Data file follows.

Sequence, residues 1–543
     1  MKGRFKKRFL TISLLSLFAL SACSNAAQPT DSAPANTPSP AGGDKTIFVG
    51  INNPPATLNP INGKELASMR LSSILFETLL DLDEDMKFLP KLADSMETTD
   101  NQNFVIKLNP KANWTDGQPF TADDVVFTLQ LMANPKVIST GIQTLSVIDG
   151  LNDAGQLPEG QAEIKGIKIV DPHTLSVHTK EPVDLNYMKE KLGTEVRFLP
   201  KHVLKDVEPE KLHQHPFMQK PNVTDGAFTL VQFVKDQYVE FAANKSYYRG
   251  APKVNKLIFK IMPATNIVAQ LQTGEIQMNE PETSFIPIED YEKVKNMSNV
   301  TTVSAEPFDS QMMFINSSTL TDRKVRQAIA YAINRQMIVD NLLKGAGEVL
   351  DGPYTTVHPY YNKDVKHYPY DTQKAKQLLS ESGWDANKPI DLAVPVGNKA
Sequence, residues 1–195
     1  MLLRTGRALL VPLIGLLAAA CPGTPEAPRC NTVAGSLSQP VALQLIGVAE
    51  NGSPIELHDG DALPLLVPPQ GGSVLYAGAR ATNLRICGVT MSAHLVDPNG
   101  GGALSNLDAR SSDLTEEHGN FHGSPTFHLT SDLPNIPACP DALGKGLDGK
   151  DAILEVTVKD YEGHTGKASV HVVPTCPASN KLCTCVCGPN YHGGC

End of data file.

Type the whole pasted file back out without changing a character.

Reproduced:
Sequence, residues 1–543
     1  MKGRFKKRFL TISLLSLFAL SACSNAAQPT DSAPANTPSP AGGDKTIFVG
    51  INNPPATLNP INGKELASMR LSSILFETLL DLDEDMKFLP KLADSMETTD
   101  NQNFVIKLNP KANWTDGQPF TADDVVFTLQ LMANPKVIST GIQTLSVIDG
   151  LNDAGQLPEG QAEIKGIKIV DPHTLSVHTK EPVDLNYMKE KLGTEVRFLP
   201  KHVLKDVEPE KLHQHPFMQK PNVTDGAFTL VQFVKDQYVE FAANKSYYRG
   251  APKVNKLIFK IMPATNIVAQ LQTGEIQMNE PETSFIPIED YEKVKNMSNV
   301  TTVSAEPFDS QMMFINSSTL TDRKVRQAIA YAINRQMIVD NLLKGAGEVL
   351  DGPYTTVHPY YNKDVKHYPY DTQKAKQLLS ESGWDANKPI DLAVPVGNKA
Sequence, residues 1–195
     1  MLLRTGRALL VPLIGLLAAA CPGTPEAPRC NTVAGSLSQP VALQLIGVAE
    51  NGSPIELHDG DALPLLVPPQ GGSVLYAGAR ATNLRICGVT MSAHLVDPNG
   101  GGALSNLDAR SSDLTEEHGN FHGSPTFHLT SDLPNIPACP DALGKGLDGK
   151  DAILEVTVKD YEGHTGKASV HVVPTCPASN KLCTCVCGPN YHGGC